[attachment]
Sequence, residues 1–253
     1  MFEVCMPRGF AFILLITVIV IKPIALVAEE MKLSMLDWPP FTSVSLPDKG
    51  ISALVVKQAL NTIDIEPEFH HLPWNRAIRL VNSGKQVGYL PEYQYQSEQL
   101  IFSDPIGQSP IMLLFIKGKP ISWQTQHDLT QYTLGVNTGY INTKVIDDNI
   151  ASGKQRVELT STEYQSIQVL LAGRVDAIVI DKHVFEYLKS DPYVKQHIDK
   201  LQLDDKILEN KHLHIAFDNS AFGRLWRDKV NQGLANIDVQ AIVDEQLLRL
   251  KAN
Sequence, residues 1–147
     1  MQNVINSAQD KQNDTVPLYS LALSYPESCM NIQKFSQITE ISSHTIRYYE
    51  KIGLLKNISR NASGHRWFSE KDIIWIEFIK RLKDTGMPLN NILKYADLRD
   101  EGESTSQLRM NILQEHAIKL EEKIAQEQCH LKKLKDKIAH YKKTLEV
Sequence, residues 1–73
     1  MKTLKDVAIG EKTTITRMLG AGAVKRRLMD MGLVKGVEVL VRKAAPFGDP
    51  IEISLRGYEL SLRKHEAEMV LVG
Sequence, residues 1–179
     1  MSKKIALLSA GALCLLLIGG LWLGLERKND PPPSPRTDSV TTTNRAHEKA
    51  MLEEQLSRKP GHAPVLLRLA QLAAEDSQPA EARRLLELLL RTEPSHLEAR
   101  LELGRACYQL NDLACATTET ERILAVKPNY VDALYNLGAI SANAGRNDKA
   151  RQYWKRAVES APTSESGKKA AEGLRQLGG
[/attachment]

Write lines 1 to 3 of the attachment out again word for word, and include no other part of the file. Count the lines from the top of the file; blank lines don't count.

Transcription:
Sequence, residues 1–253
     1  MFEVCMPRGF AFILLITVIV IKPIALVAEE MKLSMLDWPP FTSVSLPDKG
    51  ISALVVKQAL NTIDIEPEFH HLPWNRAIRL VNSGKQVGYL PEYQYQSEQL